After the riots in London, people at the top are talking about life in the suburbs as though noticing them for the first time. Campbelltown Arts Centre was already putting together an exhibition on the theme of the outer city by the time angry feet hit the streets in Tottenham. The exhibition, 1.85 Million - Art Peripheries, looks at the same outer metropolises, but seems to ask instead What happens, when it seems quiet in the suburbs? The show is curated by Monster Childrener Joseph Allen Shea, who's also involved with another Gallery A.S. show attuned its surroundings, Motion / Pictures.
Gary Trinh's Local Tourist tours everyday scenes: a hodge podge of trees with bald pates split for power lines, a storm drain canal, a red shopping trolley camouflaged against a red wall and an abandoned playground overgrown in greenery. Paul B Davis has hacked a series of 8-bit Nintendos. Projected from one, Mario stands in the centre of a black static field, lonely and unplayed. Across the darkened room, sky blue suburban rooftops scroll by, taxing the processor of the antique game box.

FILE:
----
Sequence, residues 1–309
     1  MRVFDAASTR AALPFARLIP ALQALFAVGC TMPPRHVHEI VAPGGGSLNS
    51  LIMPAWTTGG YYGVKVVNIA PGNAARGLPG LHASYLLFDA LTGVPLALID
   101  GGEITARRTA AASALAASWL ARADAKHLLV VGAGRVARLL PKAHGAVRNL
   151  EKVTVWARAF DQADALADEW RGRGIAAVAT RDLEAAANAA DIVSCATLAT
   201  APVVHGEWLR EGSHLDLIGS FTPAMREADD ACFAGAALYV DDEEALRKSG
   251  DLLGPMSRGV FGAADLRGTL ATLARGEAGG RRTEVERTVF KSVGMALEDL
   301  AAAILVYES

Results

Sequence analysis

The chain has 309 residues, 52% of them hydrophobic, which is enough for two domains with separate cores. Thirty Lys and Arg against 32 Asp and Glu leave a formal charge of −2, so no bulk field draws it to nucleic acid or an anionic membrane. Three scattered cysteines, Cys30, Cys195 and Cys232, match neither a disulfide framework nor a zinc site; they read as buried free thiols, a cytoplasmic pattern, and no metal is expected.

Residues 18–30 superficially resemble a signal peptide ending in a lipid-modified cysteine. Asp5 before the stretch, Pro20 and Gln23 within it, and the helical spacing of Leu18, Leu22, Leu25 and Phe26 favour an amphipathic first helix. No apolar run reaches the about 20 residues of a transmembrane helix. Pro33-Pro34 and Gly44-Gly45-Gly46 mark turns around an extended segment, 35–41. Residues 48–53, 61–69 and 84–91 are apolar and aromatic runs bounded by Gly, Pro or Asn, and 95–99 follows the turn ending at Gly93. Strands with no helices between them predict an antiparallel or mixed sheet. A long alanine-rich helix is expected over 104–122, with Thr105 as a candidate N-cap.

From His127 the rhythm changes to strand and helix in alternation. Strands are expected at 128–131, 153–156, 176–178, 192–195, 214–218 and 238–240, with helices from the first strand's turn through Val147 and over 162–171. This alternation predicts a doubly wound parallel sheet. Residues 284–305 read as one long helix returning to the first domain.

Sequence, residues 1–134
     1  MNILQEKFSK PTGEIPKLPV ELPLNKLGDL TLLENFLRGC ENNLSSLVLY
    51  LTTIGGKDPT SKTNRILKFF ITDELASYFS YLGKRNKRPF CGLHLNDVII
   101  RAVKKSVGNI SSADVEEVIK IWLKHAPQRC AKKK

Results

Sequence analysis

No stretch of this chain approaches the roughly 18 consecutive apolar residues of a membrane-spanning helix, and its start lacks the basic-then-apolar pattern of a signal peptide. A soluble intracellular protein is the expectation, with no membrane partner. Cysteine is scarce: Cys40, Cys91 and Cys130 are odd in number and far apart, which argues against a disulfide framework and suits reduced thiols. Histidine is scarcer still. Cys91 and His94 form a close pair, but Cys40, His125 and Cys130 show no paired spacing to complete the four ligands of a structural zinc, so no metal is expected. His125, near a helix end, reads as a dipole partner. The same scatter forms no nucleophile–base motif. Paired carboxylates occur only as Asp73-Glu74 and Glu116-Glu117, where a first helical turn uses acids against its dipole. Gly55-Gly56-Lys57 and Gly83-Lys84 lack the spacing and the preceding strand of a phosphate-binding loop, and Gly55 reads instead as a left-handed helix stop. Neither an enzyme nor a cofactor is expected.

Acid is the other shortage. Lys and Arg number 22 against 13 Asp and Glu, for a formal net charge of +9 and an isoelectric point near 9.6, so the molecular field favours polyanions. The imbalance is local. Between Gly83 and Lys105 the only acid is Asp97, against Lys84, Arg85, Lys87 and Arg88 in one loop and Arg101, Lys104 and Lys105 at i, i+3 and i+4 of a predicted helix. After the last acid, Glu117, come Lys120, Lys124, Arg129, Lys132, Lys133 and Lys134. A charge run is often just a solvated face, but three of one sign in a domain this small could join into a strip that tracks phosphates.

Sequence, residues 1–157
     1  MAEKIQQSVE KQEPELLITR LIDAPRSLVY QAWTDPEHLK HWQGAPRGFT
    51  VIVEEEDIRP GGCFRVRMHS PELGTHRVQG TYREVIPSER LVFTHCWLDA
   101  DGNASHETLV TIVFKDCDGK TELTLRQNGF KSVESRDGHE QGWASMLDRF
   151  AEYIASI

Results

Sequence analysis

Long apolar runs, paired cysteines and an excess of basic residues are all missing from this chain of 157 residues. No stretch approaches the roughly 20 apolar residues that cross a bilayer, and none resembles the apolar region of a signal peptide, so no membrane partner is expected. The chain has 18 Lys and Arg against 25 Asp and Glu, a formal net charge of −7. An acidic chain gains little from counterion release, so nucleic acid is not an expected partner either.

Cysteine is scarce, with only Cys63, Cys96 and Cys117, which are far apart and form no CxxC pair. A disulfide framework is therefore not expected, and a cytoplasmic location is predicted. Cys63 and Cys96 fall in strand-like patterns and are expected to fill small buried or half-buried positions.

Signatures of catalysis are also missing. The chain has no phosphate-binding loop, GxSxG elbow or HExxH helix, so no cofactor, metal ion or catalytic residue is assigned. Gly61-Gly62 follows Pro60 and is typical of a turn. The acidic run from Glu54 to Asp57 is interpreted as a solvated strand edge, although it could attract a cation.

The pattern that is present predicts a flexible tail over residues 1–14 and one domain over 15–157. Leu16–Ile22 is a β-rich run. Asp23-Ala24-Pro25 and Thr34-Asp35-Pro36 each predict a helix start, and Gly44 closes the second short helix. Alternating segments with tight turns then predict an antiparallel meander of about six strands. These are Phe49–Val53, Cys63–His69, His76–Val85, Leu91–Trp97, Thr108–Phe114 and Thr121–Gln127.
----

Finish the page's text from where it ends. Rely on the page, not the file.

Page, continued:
Mohamed Bourouissa offers a series of photographs taken around Paris' banlieues, or outskirt ghettos. They show typical but staged scenes: a black man is held down in his home in his underwear by police, the police are fully clothed; two men glare at each other, in the background one of their friends snaps a photo with his phone. New Zealander Amanda Maxwell has painted wall-hugging pink vinyl squares that tell determined stories of lost and rejected loves plucked from her diary. 2011 Sydney Film Festival star, Miranda July offers two video works that radiate long days at home with the video recorder, Getting Stronger Every Day and Atlanta.
The exhibition takes its name from the size of Western Sydney's growing population. And where riots and their denunciation bleed anger and confrontation, this 1.85 million know another side of suburbia — a world of no one watching, and long, long afternoons.
Image by Gary Trinh.